This book argues against the conventional idea that Protestantism effectively ceased to play an important role in American higher education around the end of the 19th century. Employing Princeton as an example, the study shows that Protestantism was not abandoned but rather modified to conform to the educational values and intellectual standards of the modern university. Drawing upon a wealth of neglected primary sources, Kemeny sheds new light on the role of religion in higher education by examining what was happening both inside and outside the classroom, and by illustrating that religious and secular commitments were not neatly divisible but rather commingled.
“Over the past fifteen years, careful studies of individual institutions and key players in this transition have aggregated to produce a more exact picture of this process. P. C. Kemeny’s book now joins the ranks of the best of these studies. This book will be required reading for the rising generation of scholars seeking to understand the secularizing process in American higher education.”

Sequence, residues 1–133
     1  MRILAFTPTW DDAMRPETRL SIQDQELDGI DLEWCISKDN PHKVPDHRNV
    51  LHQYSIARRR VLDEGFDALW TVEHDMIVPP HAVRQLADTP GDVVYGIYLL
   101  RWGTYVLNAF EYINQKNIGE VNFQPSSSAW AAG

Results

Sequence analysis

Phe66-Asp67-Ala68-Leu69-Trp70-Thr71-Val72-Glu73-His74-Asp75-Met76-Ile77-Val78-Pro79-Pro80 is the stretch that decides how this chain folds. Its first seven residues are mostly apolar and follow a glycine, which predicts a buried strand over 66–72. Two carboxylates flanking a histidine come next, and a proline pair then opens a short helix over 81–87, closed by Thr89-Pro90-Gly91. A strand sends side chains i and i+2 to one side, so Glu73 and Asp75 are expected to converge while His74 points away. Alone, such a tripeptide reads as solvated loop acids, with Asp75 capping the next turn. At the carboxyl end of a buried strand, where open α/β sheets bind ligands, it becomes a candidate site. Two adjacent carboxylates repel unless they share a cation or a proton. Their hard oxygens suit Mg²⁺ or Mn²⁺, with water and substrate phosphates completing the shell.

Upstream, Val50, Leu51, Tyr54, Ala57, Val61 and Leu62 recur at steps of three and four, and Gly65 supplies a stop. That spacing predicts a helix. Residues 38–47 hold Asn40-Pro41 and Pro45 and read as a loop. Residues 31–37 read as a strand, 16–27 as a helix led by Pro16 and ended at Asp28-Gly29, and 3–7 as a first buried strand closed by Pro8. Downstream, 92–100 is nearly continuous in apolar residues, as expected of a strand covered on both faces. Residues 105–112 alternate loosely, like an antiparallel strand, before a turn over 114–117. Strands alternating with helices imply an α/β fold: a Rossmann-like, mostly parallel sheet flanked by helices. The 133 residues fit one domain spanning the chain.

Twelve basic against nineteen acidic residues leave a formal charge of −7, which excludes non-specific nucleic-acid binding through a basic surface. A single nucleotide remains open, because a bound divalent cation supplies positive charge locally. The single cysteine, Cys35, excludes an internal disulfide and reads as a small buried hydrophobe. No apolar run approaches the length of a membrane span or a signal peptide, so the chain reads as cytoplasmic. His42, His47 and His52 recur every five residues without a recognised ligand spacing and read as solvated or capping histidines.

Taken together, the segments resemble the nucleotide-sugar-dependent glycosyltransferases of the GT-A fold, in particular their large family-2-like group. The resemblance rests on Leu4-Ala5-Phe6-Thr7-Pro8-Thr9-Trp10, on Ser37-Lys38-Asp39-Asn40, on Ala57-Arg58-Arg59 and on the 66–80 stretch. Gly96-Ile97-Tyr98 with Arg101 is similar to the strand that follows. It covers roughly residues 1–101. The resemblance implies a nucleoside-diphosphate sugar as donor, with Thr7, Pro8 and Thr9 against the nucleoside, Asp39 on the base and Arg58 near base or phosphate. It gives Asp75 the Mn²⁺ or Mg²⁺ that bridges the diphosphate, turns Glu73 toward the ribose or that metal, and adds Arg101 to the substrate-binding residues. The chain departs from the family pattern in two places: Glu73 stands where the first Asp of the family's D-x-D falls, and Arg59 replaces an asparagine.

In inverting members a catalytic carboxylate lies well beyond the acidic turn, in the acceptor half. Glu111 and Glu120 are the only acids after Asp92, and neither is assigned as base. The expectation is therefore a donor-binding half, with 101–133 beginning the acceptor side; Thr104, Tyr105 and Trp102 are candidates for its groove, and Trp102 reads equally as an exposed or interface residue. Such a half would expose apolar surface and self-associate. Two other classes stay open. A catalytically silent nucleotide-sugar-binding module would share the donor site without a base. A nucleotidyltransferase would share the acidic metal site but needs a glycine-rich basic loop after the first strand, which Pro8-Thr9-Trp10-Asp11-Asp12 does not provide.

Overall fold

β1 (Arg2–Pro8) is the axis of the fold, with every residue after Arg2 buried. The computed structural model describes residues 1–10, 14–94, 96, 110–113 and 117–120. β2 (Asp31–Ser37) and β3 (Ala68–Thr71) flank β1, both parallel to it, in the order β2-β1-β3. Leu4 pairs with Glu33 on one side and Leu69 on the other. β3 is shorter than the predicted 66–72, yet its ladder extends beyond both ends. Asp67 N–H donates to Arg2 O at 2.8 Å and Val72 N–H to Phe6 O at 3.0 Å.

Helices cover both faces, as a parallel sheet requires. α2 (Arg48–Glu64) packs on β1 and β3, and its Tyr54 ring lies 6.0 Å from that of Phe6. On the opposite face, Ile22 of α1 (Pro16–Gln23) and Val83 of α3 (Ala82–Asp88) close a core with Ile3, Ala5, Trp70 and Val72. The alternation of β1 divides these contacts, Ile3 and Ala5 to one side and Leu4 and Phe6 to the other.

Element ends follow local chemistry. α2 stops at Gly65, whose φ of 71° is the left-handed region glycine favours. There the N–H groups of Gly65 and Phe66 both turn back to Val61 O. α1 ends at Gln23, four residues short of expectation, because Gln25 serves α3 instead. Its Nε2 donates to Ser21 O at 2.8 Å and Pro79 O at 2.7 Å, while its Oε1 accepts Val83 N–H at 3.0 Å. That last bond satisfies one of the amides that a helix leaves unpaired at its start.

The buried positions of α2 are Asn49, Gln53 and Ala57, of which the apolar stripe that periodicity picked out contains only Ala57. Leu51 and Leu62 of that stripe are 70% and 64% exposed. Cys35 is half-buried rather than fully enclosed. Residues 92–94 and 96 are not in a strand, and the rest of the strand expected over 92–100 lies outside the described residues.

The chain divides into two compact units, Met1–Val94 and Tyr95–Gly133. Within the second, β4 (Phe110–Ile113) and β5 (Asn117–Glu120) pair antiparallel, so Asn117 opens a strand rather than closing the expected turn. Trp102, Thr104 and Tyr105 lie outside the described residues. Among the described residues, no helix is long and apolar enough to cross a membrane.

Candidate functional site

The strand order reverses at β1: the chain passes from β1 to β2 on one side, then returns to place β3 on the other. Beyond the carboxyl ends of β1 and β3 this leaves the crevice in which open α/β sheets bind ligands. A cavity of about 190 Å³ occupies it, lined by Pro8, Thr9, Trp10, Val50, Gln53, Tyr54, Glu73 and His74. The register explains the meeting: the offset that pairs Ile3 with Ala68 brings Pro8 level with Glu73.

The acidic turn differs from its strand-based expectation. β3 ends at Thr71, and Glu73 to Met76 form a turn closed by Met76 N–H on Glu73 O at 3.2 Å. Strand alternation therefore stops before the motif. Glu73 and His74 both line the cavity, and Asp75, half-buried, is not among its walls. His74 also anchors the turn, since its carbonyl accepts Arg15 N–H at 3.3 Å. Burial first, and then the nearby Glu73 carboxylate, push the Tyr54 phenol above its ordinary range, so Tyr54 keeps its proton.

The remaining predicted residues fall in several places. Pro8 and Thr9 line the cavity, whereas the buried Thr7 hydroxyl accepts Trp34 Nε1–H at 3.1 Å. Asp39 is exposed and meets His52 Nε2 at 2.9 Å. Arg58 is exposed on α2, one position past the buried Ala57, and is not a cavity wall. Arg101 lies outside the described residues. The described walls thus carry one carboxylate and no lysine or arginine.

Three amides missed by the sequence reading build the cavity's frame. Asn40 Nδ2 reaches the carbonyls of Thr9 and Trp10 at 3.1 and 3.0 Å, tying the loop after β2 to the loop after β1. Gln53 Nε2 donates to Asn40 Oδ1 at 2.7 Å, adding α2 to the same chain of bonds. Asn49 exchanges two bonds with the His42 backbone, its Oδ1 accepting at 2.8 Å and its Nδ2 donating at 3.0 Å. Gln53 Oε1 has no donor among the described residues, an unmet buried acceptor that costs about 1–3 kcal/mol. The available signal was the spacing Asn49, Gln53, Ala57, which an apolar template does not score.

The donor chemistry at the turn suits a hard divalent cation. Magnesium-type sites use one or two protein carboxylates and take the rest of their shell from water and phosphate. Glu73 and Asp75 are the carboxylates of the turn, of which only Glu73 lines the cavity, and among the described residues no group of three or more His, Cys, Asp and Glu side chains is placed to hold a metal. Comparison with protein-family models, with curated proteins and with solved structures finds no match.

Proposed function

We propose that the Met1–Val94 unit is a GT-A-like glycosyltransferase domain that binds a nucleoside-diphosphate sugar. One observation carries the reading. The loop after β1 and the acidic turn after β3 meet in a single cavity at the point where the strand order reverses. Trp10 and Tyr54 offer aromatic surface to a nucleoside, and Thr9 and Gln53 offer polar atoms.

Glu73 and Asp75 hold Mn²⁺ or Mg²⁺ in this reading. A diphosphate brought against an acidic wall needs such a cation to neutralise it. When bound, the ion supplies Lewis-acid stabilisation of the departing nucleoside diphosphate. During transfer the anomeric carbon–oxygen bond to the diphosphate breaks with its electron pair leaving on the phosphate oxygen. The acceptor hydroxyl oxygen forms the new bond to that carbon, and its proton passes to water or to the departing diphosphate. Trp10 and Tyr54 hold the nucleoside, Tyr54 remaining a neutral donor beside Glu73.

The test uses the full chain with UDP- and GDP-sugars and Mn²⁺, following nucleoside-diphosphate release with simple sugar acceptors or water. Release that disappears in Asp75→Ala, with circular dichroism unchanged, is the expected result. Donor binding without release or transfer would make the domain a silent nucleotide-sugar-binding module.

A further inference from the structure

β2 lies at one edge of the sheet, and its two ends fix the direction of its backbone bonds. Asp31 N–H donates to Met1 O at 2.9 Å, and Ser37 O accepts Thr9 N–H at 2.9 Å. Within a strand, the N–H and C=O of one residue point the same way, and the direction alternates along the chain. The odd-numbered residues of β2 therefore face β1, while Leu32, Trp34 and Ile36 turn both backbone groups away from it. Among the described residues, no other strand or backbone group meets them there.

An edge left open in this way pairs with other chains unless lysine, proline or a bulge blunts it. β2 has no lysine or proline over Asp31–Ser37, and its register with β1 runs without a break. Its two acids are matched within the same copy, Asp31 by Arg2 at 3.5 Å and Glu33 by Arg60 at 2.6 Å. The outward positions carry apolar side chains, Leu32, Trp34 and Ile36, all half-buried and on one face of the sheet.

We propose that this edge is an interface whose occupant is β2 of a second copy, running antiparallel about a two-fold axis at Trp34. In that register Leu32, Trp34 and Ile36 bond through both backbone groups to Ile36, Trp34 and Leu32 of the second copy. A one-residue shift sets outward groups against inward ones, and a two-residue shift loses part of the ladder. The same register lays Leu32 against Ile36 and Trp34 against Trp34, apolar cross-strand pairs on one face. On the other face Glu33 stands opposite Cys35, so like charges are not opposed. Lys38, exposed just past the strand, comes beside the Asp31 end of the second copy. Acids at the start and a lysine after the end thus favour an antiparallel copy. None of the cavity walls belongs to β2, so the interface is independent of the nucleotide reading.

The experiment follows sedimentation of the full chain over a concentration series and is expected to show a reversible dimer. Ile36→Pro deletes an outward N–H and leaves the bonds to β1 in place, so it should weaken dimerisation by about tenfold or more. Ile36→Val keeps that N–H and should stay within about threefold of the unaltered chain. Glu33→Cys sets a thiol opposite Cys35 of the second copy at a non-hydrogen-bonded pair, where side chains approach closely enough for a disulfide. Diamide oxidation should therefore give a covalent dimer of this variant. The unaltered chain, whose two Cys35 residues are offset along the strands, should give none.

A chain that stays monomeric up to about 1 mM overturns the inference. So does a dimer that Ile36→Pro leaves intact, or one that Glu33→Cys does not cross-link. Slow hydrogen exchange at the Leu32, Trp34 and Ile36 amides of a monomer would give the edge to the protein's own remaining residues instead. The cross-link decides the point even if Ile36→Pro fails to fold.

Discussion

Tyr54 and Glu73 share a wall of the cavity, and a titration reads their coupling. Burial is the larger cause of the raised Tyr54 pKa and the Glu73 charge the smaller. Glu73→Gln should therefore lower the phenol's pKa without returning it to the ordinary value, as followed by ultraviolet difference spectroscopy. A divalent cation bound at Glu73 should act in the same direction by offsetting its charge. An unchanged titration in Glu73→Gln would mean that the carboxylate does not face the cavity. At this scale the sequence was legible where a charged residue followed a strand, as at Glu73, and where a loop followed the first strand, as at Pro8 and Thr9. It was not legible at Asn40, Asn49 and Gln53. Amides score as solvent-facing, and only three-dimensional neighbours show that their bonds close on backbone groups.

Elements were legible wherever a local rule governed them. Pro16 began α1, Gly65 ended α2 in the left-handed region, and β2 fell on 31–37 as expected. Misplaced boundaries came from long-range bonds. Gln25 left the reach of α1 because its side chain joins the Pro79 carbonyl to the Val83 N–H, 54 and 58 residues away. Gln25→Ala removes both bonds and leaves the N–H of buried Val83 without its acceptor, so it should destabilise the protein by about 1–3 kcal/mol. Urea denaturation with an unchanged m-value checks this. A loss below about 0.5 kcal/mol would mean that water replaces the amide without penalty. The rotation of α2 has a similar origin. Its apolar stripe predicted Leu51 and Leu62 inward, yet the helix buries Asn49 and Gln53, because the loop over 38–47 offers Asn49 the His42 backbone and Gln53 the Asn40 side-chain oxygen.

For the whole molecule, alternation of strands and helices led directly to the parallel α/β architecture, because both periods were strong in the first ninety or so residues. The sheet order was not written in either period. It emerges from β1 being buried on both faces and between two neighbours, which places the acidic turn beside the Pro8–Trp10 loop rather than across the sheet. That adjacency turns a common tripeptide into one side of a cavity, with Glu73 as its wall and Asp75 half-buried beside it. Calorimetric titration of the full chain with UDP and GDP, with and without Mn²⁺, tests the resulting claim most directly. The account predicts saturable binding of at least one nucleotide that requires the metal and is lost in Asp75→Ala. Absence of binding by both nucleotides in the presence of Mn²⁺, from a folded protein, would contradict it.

– American Historical Review, December 2000
“Kemeny offers us a well-researched, well-documented, well-conceptualized, and well-written study of religion and higher education at Princeton between the 1860s to the 1930s, as well as an informative institutional history.”